German scientists from the Institute of Soil Ecology of the GSF - National Research Center for Environment and Health in Neuherberg, Germany and Czech colleagues at the Budweis Academy of Science have claimed that bovines also possess the ability to boost the production of methane gas in soil, especially in winters.
Till now, the cow has been regarded as a killer of the climate, because, with their digestion, the animals produce methane, which is expelled continuously.
AdvertisementNow, the German and Czech team have concluded that when bovines don't spend the cold season exclusively in the cowshed, and are kept out on winter pastures, they have the potential to produce methane.
The study, carried out on a Czech farm, proved that two factors are vital for this process to take place: the amount and quality of organic material from the excrement and the strong compaction of the soil by the weight of the cattle.
These changes facilitate methane-producing microorganisms from the gastro-intestinal tract of the animals can be established in the soil while, simultaneously, the process of methane oxidation is restrained.
"The over-wintering of bovine animals is quite widespread at least in the ecological agriculture of Central Europe as a whole," Dr. Michael Schloter, lead author of the study, said.
"The reasoning is that the animals are less susceptible to infectious disease, thanks to the movement outside and, therefore, fewer antibiotics need to be used. However, this connection has not been proved," he added.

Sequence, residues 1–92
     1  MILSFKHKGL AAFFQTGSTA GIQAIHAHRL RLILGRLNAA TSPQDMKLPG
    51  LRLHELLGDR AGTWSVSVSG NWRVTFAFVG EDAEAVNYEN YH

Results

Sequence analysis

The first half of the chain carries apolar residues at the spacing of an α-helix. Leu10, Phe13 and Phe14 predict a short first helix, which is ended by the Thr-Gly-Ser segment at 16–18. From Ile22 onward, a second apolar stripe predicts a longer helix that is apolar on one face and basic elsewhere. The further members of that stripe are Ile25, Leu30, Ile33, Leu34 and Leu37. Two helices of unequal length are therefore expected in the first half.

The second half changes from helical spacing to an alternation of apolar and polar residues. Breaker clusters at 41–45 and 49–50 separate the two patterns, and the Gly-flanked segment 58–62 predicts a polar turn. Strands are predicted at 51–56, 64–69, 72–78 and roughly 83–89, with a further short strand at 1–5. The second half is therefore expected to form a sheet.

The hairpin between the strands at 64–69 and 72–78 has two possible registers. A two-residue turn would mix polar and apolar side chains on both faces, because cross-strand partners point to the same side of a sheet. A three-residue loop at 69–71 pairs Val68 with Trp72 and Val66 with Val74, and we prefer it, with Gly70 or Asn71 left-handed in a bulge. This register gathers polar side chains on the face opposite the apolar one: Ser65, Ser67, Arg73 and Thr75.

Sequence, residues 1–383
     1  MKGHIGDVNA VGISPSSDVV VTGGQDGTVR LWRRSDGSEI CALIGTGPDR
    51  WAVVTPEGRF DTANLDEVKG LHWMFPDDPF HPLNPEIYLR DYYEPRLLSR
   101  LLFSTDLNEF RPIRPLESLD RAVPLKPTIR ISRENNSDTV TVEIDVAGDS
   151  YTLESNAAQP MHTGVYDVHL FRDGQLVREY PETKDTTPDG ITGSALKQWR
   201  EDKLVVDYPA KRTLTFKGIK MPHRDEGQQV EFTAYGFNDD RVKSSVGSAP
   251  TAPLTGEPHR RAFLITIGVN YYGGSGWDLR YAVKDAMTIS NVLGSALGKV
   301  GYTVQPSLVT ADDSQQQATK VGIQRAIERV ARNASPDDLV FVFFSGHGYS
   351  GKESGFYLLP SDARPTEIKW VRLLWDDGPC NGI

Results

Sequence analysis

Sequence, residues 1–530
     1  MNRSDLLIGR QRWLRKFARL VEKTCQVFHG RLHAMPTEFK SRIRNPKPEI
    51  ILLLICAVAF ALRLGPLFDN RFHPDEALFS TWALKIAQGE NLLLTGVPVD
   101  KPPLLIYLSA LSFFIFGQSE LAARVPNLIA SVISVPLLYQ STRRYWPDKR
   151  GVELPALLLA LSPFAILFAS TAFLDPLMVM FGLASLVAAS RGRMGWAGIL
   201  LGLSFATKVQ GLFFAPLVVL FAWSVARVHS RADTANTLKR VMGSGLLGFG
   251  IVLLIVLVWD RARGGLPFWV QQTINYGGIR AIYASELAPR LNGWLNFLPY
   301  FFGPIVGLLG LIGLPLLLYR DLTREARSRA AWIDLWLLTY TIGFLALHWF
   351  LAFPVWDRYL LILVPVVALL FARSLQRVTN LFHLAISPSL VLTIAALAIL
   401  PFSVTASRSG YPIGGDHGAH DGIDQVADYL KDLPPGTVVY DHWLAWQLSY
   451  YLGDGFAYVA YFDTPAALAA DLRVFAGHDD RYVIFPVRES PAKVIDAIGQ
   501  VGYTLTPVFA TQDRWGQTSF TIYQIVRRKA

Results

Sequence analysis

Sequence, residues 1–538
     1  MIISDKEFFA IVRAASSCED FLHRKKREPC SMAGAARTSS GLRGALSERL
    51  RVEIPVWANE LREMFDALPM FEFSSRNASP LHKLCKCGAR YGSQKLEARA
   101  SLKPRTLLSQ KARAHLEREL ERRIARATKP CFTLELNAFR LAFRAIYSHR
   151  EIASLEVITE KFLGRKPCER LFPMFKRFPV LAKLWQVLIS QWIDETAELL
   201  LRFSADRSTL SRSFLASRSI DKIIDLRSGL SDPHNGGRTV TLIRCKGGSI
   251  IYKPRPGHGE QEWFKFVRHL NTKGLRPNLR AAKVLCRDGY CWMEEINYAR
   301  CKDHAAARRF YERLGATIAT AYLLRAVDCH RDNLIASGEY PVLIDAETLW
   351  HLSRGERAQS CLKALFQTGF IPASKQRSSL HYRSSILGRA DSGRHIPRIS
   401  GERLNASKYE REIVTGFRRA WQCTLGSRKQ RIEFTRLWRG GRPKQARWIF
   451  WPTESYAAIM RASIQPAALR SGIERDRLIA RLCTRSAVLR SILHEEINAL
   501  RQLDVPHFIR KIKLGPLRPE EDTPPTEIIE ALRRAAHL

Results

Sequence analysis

The investigation was carried out on a farm in South Bohemia.
The area in question comprises approximately four hectares and has been used since 1995 for the over-wintering of about 90 cows from October till the beginning of May.
According to Schloter, "At the end of this season, we could clearly see the consequences of the over-wintering, on the soil."
Unlike typical summer grazing, where the animals spread out evenly, the animals on the winter pastures prefer to stay near the feed house.
As a result, no vegetation was visible any more in this area, and the ground was strongly compressed. In addition, this area was marked by a very high incidence of organic matter from the excrement of the animals. In more distant areas, the consequences were far less drastic.
The intensive grazing in the areas close to the cowshed led to a clear increase of methane emissions throughout the whole winter. These showed 1,000 times more than the control areas, where no bovine animals were kept.
Methane oxidation is the metabolic way that can lead to the breaking down of the methane.
The scientists were able to show further that methane producing micro-organisms from the gastro-intestinal tract of the cattle could survive in the soil and suppress parts of the autotchtone microflora.
"We shall continue the project, because we also suspect consequences for the nitrogen cycle," adds Schloter.
"All in all, it can be said that just about every agricultural measure has its positive and negative consequences. What weighs more in each case, however, is a social, rather than a scientific question," he said.